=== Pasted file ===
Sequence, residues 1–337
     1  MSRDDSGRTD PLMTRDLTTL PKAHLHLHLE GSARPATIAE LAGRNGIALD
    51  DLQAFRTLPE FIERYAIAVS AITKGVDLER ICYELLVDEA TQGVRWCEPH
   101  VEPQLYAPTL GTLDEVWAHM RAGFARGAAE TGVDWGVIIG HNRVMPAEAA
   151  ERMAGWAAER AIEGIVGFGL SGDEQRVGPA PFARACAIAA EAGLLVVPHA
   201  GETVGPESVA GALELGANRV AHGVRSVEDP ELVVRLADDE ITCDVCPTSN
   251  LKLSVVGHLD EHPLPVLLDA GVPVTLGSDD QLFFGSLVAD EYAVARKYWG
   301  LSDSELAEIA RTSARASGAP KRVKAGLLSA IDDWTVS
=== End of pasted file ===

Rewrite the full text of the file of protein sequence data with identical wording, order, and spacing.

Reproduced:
Sequence, residues 1–337
     1  MSRDDSGRTD PLMTRDLTTL PKAHLHLHLE GSARPATIAE LAGRNGIALD
    51  DLQAFRTLPE FIERYAIAVS AITKGVDLER ICYELLVDEA TQGVRWCEPH
   101  VEPQLYAPTL GTLDEVWAHM RAGFARGAAE TGVDWGVIIG HNRVMPAEAA
   151  ERMAGWAAER AIEGIVGFGL SGDEQRVGPA PFARACAIAA EAGLLVVPHA
   201  GETVGPESVA GALELGANRV AHGVRSVEDP ELVVRLADDE ITCDVCPTSN
   251  LKLSVVGHLD EHPLPVLLDA GVPVTLGSDD QLFFGSLVAD EYAVARKYWG
   301  LSDSELAEIA RTSARASGAP KRVKAGLLSA IDDWTVS